Recommended!

Mento, not Calypso – Fantastic Voyage Double Cd to be released


Mento, not Calypso – Fantastic Voyage Double Cd to be released

mentonotcalypsoDue out on the 12th of August this year (2013) hopefully Mento lovers and the general music loving public will enjoy this double cd of Jamaica’s very own vintage music. With 51 songs in the main dubbed from 78rpm singles and some from hard to find early Long Playing Lps, there should be something on it that pleases the ears of Mento mad music lovers. At least I hope so, because I had the joy of compiling it.

Currently it’s available on pre-release on Amazon here – See it on Amazon

Entirely from my own collection

Entirely taken from my own collection of rare 78rpm discs, I am told that the track listing will be, as I submitted, please see below. Though the label Fantastic Voyage have not confirmed that as I write, it seems likely.

What the hell is on it then?

Many of the songs have never been widely available and even for the avid collector, may not be well known. Being able to include some of the songs from an album called MONTEGO BEACH HOTEL CALYPSO BAND which likely features Lord Lebby and may have been produced by Stanley Motta for the hotel was for me a highlight. I tried really hard not to repeat too many songs that have already seen digital release, though did include some, where for instance they have only appeared once elsewhere, or have been duplicated on less than ‘pukka’ releases. I was helped in the dubbing/recording of the discs by Port O Jam, and I understand to some degree they have been ‘restored’ since, though until I hear the final cds, I won’t know how heavily. I hope they leave a good level of texture to the cd release, though understandably the hiss of a 78rpm record and the obvious scratches that walk with a recording that’s over 50 years old may not be to everyone’s taste.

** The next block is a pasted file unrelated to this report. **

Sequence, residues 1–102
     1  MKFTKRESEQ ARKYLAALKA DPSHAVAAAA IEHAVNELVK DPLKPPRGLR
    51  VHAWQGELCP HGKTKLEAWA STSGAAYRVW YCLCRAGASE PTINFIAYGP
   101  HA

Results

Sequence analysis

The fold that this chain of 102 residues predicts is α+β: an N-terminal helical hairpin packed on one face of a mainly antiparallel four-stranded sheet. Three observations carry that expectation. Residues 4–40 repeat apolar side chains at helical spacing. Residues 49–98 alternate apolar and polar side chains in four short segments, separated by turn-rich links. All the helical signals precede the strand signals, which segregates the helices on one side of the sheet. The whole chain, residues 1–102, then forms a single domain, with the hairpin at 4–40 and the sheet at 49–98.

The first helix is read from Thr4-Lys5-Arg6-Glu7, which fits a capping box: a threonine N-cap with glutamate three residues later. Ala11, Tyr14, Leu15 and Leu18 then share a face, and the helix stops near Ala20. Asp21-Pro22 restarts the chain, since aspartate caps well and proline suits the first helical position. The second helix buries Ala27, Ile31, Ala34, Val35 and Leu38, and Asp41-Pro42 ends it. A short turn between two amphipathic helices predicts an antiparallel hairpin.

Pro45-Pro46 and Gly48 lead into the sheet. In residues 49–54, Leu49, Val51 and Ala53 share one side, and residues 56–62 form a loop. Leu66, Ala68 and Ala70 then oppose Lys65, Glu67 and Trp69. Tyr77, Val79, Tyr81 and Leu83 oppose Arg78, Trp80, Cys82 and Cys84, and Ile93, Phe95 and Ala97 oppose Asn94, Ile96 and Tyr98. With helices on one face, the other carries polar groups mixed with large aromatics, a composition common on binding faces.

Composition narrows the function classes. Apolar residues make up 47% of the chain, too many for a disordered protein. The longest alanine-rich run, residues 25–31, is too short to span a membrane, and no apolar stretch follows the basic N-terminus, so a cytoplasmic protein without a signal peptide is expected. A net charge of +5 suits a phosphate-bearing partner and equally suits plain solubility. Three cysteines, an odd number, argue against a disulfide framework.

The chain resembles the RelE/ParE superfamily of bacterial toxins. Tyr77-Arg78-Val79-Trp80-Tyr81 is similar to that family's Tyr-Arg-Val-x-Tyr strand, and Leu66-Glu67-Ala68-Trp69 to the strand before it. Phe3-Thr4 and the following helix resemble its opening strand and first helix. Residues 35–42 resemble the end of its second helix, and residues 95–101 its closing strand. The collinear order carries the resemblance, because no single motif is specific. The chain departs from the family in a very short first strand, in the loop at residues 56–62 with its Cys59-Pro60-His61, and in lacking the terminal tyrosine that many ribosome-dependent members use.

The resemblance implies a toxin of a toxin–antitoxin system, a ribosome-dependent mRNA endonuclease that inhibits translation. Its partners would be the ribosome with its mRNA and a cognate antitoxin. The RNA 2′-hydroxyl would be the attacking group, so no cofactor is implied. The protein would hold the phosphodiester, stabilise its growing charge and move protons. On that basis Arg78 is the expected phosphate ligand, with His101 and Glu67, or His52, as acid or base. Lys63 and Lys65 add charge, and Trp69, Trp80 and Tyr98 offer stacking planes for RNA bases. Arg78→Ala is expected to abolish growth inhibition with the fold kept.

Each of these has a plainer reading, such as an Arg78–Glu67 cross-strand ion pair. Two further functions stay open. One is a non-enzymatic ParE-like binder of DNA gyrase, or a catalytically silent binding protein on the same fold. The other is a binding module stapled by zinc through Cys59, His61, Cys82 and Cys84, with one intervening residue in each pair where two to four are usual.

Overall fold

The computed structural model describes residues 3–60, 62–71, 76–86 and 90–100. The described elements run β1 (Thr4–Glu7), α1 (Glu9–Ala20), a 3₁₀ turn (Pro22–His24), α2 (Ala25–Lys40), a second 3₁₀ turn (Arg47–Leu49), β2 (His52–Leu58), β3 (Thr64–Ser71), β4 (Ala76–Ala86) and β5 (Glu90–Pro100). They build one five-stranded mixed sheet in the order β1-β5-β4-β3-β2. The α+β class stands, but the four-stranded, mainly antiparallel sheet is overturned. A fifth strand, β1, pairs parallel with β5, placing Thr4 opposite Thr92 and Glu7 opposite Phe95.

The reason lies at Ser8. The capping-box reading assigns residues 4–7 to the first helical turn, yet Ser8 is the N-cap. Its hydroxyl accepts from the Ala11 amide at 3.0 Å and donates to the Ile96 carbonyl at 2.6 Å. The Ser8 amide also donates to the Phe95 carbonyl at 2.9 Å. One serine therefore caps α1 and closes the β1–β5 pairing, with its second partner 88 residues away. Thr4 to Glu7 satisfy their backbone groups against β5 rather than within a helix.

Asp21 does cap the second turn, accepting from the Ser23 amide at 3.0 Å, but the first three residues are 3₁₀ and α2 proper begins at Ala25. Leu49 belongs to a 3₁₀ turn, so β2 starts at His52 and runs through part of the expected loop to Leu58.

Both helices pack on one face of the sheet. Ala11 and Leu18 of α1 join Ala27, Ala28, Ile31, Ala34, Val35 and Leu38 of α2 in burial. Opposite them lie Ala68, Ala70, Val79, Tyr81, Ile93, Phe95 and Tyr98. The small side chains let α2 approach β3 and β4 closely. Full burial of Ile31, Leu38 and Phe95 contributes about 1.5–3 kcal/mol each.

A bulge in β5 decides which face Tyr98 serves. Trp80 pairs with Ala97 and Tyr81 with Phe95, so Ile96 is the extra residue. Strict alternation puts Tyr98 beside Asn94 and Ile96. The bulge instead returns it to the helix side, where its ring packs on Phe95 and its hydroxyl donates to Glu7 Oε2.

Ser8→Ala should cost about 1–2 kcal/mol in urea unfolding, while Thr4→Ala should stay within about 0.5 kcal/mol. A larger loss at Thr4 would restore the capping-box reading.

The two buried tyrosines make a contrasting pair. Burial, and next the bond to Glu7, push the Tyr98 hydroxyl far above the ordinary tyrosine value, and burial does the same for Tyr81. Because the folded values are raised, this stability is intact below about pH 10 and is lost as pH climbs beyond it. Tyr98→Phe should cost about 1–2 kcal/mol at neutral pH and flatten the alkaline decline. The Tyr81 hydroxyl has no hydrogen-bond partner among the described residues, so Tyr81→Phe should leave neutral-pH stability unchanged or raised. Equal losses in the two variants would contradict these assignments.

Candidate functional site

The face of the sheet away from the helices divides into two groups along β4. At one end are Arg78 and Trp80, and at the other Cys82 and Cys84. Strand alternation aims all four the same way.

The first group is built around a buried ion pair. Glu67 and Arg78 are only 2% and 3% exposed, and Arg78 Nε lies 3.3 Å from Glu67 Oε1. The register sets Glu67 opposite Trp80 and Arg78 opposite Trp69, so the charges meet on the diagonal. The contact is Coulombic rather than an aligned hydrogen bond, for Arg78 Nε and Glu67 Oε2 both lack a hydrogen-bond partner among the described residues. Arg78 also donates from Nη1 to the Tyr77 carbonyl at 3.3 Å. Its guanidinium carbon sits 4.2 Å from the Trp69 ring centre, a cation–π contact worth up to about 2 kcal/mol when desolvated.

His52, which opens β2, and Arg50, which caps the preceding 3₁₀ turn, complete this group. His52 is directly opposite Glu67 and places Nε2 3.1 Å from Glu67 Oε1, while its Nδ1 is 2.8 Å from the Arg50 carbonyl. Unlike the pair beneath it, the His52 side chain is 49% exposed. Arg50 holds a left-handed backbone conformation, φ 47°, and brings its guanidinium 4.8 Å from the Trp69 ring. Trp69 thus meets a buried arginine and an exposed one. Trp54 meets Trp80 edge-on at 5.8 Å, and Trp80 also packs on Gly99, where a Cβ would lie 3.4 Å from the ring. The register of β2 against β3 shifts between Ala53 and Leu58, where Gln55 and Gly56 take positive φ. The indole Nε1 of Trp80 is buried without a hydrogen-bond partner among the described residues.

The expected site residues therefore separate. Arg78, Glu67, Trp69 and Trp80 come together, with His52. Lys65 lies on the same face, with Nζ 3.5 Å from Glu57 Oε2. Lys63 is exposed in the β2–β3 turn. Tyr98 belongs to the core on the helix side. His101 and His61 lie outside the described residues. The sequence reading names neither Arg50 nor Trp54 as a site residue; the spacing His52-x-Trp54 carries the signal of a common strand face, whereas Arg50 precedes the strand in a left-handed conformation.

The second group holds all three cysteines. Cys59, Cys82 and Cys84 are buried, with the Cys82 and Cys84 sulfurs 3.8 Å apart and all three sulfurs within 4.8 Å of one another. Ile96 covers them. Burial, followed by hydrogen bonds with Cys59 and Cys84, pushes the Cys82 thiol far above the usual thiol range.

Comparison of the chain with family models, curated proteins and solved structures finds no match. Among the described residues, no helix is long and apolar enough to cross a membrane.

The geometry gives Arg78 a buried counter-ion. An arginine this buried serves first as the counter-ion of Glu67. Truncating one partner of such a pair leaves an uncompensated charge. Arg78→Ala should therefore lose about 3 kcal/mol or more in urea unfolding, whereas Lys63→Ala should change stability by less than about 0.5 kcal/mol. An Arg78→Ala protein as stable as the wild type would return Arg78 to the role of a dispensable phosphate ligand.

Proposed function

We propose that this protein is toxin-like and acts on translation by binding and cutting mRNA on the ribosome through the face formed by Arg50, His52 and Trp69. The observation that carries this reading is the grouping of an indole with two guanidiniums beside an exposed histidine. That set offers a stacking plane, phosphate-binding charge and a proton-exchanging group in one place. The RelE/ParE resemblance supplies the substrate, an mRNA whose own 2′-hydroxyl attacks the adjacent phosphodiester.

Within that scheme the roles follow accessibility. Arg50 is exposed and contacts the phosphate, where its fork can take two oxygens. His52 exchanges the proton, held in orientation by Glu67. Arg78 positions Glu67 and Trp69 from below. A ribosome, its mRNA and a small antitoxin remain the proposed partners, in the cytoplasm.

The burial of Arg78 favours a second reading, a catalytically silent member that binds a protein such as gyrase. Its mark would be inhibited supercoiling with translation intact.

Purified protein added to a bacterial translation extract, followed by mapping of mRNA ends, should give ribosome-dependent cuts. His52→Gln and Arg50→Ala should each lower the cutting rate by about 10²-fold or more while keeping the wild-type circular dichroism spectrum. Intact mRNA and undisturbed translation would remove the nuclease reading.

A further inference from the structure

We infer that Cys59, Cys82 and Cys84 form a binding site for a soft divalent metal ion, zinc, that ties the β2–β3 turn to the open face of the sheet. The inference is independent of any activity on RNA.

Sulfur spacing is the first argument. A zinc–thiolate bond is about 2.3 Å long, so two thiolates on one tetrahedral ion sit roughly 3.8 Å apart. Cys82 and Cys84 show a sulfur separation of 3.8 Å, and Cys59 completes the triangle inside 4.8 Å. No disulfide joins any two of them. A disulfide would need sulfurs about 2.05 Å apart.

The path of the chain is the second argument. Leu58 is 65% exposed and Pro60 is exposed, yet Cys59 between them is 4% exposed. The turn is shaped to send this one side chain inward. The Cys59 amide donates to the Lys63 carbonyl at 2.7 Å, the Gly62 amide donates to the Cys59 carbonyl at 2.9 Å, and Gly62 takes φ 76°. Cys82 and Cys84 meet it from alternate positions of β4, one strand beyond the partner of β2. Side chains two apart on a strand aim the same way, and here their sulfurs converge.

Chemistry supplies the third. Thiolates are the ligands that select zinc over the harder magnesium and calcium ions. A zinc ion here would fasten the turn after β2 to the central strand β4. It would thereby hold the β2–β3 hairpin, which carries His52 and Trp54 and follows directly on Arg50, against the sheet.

Bases covered?

Hopefully I covered a number of bases, Rural Mento, Hotel Mento, both the rootsy and more commercial sounds, I wanted to include records created by the main movers in  Mento in the 50s and early 60s and so have included recordings produced by Chin, Tewari, Khouri and Motta, and sung by singers like Count Lasher, Lord Power, Harold Richardson etc. It also includes some of  the earliest recorded work by Lord Flea for Khouris pre Federal Times Record label.

At the same time hopefully I’ve made the two cd albums work in their own right, providing and entertaining overall ‘listen’ and not just a collection of individual songs.

Witter on why don’t you?

I won’t witter on, but I think it will be a more than welcome addition to anyone’s collection of Jamaican Mento, early Jamaican and Caribbean music. If you love Mambo, Cuban Jazz, Paranda, Ska or are a World Music and Folk fan, you’ll find loads on it to excite. Put it this way, If I hadn’t compiled it, or already collected the tunes, I’d be very very excited to get hold of a copy.

Tracklisting:

As I write this is the assumed track listing. Please excuse the Upper and Lower case . . .
cd1
01 Sir Horace and His Merry Knights  – Vocal – Horace Abrahams – Mambo Jamaica
02 TOWER ISLANDERS, THE – BROWN SKIN GAL
03 MONTEGO BEACH HOTEL CALYPSO BAND (FEAT. LORD LEBBY) – RED HEAD
04 GEORGE MOXEY QUARTET – VOCALIST – CLYDE HOYTE – MONTEGO CALYPSO
05 LORD TICKLER – MEDLEY – SWEETIE CHARLEY – MR. PARNEY – MANGO WALK
06 Jamaican Calypsonians – Vocal – Hubert Porter – Mary’s Lamb – The More We Are Together
07 Count Lasha and his Calypsonians – Calabash